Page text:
Quintin’s review published on Letterboxd:
I wanted to rewatch this movie when it was finally available for rent because I want to see if the film is as bad as I remember or if it was just the constant yelling from my audience that tampered my experience.
I am sadly reporting that I thought the movie was even worse on a rewatch, I actually missed the audience yelling because without it, there was just dead air over multiple moments. Which is the core issue of this movie, it wasn't made with any artistic intention, it was made for mass medium consumption. I understand how pretentious this sounds but let's compare this to other MCU movies. Guardians of the Galaxy took a crew no one heard of and inserted them into a music and stylistic flare. Iron Man 3 took an iconic villain and turned it into a red herring. I took an example of the greatest and worst MCU decisions because Spiderman No Way Home is the opposite of that. I don't see a single chance this movie took, I don't see a single creative decision in this movie. Every second of this film feels like five old white guys sitting in a room trying to predict what people will like to see. Clearly they succeeded. This is one of the most successful films ever made. Despite the visual effects being terrible, despite the story lacking any thought or originality, and despite how many brilliant films came out in the last few months: the 150 minute Spiderman Greatest Hits is the film that stole everyone's hearts. I have no doubt Dr Strange and Jurassic World will continue this trend of baited nostalgia over the next few months. For some this is great news and for people like me this is frustrating because we just want more creative blockbusters.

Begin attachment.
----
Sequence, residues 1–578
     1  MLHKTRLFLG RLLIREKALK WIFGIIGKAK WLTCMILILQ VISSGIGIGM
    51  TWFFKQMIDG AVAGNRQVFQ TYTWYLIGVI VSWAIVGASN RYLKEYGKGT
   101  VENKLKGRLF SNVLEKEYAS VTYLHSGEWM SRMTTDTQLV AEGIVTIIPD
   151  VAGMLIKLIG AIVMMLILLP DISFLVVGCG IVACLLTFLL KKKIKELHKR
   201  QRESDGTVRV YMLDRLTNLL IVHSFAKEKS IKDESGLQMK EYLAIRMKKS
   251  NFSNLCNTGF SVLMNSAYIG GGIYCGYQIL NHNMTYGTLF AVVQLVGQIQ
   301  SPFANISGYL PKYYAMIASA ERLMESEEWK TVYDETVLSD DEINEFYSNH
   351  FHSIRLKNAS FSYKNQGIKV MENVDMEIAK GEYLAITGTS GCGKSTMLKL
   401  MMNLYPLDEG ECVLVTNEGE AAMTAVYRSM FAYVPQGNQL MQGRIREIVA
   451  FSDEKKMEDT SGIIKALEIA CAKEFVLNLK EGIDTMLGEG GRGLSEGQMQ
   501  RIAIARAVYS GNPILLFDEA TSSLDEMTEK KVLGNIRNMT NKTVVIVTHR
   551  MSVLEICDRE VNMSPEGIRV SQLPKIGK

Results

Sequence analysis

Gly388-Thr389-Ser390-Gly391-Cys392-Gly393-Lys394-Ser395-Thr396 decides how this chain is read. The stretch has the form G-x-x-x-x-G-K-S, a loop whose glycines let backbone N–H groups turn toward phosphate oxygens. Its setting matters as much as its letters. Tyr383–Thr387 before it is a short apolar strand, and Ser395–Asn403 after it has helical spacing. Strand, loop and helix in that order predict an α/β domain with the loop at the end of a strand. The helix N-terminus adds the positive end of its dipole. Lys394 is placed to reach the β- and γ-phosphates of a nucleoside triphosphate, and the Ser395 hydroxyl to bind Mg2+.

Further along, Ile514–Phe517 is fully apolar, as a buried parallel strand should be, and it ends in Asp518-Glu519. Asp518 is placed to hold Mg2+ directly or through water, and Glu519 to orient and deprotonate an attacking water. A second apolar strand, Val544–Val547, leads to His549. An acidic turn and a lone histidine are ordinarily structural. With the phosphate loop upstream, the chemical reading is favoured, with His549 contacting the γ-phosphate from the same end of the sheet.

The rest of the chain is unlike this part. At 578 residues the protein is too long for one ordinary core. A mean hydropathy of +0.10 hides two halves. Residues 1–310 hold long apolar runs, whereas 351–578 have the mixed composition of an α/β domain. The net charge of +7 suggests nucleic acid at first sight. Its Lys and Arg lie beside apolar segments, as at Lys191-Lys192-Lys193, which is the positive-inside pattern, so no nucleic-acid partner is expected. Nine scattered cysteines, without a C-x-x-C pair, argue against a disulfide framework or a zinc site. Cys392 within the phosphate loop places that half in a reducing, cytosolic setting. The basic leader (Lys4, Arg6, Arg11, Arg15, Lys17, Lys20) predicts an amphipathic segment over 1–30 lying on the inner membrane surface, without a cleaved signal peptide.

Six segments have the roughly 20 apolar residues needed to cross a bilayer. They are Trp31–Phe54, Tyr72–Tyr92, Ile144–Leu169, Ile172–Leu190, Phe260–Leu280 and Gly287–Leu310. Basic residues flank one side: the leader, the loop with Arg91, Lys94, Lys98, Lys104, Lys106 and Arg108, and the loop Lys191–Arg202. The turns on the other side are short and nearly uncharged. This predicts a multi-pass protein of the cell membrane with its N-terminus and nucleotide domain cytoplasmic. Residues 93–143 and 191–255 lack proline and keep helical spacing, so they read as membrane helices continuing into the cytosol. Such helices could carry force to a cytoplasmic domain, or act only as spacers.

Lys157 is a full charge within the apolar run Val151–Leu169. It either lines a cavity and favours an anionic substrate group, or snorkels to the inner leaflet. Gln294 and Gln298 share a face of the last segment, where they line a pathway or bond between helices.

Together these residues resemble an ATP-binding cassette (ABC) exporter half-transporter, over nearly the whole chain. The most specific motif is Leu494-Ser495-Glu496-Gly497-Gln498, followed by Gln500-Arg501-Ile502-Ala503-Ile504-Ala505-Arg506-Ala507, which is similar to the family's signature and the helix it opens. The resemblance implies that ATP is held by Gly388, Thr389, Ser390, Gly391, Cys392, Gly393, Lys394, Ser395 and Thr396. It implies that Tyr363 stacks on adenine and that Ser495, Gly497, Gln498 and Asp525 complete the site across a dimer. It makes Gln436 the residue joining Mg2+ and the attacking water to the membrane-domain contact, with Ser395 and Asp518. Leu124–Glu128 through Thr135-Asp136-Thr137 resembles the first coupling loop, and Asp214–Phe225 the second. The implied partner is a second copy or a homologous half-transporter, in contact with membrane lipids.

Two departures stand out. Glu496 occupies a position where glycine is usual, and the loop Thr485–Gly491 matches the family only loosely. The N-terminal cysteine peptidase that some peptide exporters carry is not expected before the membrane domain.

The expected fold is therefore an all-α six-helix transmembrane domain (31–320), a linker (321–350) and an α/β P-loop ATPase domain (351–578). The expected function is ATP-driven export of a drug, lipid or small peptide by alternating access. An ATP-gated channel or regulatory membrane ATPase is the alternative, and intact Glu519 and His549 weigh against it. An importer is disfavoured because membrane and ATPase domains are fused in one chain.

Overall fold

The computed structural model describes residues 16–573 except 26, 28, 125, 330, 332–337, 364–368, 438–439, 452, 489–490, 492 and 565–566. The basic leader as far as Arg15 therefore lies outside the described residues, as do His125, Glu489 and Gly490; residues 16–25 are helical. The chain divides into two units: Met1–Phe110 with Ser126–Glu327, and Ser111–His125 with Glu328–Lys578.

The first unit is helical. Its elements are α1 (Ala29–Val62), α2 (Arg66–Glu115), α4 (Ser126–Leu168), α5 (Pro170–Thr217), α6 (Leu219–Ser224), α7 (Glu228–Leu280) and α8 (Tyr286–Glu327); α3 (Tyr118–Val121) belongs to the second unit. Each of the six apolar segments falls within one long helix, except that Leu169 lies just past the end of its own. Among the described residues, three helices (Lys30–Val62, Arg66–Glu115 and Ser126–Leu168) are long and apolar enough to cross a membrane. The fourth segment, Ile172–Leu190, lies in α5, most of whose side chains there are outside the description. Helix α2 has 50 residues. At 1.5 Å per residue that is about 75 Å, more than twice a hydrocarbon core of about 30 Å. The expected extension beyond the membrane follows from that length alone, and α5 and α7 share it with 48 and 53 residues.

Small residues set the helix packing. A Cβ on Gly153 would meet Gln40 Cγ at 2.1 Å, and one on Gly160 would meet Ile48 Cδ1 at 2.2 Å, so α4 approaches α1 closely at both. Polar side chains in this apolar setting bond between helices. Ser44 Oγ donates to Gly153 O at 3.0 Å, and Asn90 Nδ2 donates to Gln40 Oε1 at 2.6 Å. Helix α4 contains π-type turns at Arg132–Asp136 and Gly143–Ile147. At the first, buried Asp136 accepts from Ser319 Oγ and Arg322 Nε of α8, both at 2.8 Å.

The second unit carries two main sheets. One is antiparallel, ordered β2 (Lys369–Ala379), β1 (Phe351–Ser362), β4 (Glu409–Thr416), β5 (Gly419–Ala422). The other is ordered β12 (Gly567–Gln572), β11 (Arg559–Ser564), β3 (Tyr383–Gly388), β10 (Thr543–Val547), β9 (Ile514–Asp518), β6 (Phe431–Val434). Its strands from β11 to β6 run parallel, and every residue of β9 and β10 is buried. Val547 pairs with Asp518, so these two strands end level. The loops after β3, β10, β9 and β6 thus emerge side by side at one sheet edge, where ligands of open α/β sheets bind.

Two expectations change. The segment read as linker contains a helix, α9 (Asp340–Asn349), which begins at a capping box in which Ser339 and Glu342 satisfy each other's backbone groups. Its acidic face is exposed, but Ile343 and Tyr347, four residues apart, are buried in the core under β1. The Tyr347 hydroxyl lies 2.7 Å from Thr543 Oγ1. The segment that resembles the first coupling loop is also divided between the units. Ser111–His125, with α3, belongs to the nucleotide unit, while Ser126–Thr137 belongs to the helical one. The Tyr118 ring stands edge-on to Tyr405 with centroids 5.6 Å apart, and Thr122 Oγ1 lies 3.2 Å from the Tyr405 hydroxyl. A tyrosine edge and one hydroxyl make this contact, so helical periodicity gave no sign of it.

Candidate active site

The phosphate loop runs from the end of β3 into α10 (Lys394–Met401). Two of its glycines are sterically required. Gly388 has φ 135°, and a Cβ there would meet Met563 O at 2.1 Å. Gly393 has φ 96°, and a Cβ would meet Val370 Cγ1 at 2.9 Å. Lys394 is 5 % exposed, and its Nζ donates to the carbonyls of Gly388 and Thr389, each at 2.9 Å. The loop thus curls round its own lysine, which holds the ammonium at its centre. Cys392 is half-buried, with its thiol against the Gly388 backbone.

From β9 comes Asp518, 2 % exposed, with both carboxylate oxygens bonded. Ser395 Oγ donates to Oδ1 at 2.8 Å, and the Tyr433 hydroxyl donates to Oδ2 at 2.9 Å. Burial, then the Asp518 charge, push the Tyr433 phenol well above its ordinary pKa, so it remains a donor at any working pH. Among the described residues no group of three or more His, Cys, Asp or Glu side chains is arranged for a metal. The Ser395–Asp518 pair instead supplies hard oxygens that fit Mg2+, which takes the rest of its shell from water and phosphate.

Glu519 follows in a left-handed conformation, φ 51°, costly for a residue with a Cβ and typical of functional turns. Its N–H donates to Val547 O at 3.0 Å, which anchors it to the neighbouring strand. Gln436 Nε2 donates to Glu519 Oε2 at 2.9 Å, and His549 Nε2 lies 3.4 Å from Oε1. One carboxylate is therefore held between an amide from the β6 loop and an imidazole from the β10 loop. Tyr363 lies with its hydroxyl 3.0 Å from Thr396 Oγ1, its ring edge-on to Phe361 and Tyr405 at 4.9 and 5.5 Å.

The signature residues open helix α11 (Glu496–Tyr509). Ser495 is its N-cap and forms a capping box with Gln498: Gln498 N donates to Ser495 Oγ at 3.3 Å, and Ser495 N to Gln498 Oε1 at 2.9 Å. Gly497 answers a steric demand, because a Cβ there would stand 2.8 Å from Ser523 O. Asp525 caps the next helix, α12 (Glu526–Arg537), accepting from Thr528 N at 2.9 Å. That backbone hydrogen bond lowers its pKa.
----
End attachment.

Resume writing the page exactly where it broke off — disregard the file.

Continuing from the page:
This movie is probably one star in my mind but I am bumping it up to two stars for Andrew Garfield. Every moment, every joke, and every scene was slightly more exciting when he was involved. Garfield was actually better on a rewatch, it's such a shame he was in the three worst Spiderman movies.